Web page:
“No, stop! We’re running this scene one more time.”
My shrill voice, laced with derision and frustration, bounced around the echoing exercise room of South Campus. It was Saturday night—ninth week of winter quarter, when the darkened halls were silenced with the impending doom of finals—and there were 10 of us in that fluorescently lit chamber of dinky colored mats, surrounded by shabby props.
We, the first-year girls of a Christian fellowship on campus called AAIV, were practicing our play for Brothers’ Appreciation Day. It was a day that was supposed to be dedicated to honoring the guys of our fellowship. But the good intentions of the event took background to a chorus of other motivations in my head. Brandishing the overly long script, I stomped around the exercise room, emitting death glares and interrupting people.
The satirical screenplay for the performance was my precious offspring that I had nurtured over the past quarter. In addition to being the writer, I was also the de facto director (surprise!). To properly describe what I was like during this period of time, words like tyrant, perfectionist, and megalomaniac come to mind. I was being absolutely ridiculous—this was just a 10-person, 30-minute skit for a tiny audience. I thought I was Martin Scorsese as a director but I was actually just M. Night Shyamalan, ruiner of children’s dreams.
At this school, no extracurricular activity ever goes as planned, not with our constant stream of midterms, not with our lightning fast 10-week courses. But for me, the fact that work caused people to miss rehearsals, show up late or leave early, or ask to switch roles was unacceptable. I hounded and stalked the cast like Ms. Darbus of High School Musical (my spirit animal), to the point that I don’t think anyone was having fun anymore.
Eventually, a member of the cast pulled me aside to confront me and say that the guys in our fellowship would still feel loved even if the skit wasn’t perfect. I realized then that my need for this performance to be flawless wasn’t merely so that the brothers felt loved.
In fact, most of the pretty and inspirational words I had said in regard to this skit were empty. When I complained to others about having to do most of the work for this project, I painted myself as someone who was sacrificing her academics and her time in order to make others feel appreciated. I hope that some of these pure motivations were true, but I also know that I would not have “sacrificed” myself to this degree if it weren’t for my own pursuit of recognition.
A big part of why I put aside academics for Brothers’ Appreciation Day, why I spent hours fiddling with lines and props, was because I wanted to validate myself as a writer. In the new environment of college, I wanted people to know that my reasons for pursuing English as one of my majors, a less pre-professional decision, weren’t unfounded and delusional. I wanted the audience that watched this performance to be impressed with me, and to understand that maybe my strings of sentences had something to them. And to achieve this, I was making the cast of this performance, my fellow AAIV sisters, my friends, miserable.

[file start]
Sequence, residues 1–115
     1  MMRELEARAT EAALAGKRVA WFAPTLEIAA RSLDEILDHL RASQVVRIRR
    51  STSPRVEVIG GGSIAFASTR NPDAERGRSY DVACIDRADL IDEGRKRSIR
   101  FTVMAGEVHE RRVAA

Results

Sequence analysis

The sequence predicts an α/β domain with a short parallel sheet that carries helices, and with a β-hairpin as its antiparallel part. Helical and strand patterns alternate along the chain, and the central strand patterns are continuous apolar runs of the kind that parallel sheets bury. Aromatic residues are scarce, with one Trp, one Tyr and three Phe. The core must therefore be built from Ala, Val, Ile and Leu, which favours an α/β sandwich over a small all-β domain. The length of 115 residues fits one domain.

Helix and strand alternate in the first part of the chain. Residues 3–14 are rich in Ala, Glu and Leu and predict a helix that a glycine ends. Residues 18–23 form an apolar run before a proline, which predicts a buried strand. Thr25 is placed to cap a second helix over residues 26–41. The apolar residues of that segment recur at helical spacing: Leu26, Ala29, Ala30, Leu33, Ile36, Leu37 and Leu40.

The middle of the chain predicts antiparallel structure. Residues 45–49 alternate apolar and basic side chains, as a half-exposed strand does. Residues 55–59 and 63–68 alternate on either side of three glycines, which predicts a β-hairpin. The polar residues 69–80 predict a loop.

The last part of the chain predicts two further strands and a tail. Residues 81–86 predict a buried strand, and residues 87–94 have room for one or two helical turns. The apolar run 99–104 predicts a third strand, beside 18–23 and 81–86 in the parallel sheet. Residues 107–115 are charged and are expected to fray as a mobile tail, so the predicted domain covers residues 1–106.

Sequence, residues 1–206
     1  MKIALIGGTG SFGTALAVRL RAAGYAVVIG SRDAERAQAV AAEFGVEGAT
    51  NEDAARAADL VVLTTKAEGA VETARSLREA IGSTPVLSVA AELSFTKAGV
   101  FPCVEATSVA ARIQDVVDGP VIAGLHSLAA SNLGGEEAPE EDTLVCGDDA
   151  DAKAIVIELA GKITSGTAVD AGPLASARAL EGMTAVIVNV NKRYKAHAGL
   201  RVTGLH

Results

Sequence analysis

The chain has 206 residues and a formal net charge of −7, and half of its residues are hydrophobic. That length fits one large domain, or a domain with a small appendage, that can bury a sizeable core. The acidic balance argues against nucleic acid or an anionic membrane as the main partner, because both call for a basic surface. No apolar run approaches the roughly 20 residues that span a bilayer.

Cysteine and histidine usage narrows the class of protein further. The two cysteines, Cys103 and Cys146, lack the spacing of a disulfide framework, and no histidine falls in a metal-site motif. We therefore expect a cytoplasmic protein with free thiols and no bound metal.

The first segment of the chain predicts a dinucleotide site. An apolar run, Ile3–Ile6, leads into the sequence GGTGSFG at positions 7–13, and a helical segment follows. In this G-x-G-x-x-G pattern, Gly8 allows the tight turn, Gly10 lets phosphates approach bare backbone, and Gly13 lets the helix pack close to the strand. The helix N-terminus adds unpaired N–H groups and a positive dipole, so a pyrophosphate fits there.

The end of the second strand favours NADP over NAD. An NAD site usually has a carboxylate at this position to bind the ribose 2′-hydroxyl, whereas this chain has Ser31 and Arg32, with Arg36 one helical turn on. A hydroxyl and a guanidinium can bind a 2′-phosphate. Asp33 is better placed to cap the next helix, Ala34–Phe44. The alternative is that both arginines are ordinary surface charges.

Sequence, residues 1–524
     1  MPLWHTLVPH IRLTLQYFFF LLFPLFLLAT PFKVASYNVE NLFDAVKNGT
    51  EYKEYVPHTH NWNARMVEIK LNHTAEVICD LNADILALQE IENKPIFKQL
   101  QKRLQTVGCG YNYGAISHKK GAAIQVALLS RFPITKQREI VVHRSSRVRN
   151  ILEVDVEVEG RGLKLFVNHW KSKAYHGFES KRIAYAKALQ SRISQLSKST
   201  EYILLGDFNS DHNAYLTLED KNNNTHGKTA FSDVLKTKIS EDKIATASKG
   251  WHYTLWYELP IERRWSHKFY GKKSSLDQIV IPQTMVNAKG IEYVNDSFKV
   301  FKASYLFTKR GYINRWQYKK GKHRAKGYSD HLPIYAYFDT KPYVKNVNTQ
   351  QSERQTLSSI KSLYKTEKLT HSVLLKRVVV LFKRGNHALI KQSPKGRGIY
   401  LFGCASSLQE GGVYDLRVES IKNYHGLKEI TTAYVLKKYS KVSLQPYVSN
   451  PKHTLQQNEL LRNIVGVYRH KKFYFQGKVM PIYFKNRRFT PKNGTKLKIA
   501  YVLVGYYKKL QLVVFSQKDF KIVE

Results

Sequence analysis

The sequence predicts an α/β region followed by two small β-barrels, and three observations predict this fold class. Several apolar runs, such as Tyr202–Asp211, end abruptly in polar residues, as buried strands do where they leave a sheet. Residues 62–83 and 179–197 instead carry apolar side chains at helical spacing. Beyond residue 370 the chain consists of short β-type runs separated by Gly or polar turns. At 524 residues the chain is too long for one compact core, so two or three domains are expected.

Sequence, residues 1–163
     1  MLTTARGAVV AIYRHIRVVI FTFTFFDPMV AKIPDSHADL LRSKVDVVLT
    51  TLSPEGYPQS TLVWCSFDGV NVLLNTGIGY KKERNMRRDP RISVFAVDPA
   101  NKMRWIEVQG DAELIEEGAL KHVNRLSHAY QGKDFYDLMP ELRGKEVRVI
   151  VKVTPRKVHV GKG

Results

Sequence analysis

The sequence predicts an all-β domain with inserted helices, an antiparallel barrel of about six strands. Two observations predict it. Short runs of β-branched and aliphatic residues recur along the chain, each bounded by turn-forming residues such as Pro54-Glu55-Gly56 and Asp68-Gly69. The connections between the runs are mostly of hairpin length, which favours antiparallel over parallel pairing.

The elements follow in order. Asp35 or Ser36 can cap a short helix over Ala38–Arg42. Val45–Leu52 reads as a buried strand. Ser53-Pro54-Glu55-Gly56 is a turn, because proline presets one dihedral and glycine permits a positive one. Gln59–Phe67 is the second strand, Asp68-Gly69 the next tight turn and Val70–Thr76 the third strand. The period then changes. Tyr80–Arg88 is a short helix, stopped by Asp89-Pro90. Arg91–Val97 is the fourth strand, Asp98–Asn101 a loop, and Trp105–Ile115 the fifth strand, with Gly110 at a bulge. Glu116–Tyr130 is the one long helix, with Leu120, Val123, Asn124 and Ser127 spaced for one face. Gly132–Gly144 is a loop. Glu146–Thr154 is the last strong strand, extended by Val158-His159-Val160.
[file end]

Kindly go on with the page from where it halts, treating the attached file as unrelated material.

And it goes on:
It’s natural for all our decisions to be colored with some self-interest, but that becomes a problem when we act like they’re not and that they’re fully in service of others. For me, I hope to acknowledge this selfishness more so in the future, while also seeking to reach the pure motivations that I claimed to have during Brothers’ Appreciation Day preparation.
Though I try my best to mean well, I can name countless instances in the past where I comforted someone else partly to make myself feel wise and important, where a gift for a friend also served as invisible currency to purchase affection. Even in the practice of my faith, I recently realized that I used to sing worship songs without total sincerity. These songs have lyrics like, “For the honor of the Father,” but what mattered to me more was the way the music swelled, the comfort that it brought to me instead of, well, honoring the Father. Beauty and comfort are, in their own right, important, but I mostly thought about those things instead of honoring and appreciating another—the purpose of worship.
It wasn’t until I recently started going to Holy Trinity Church in Hyde Park, which sang songs I was completely unfamiliar with, that I was rattled out of just going through the motions. I started thinking about the words again, what it meant to honor another instead of the self. And how that sentiment pertains to the rest of my life, especially that winter night rehearsal in a basement.
This year has been an adventure in confronting my own ego. It’s still a big, ugly thing, but maybe next year, it’ll learn to hurt others a little less.
Sophia Chen is a first-year in the College double majoring in biology and English.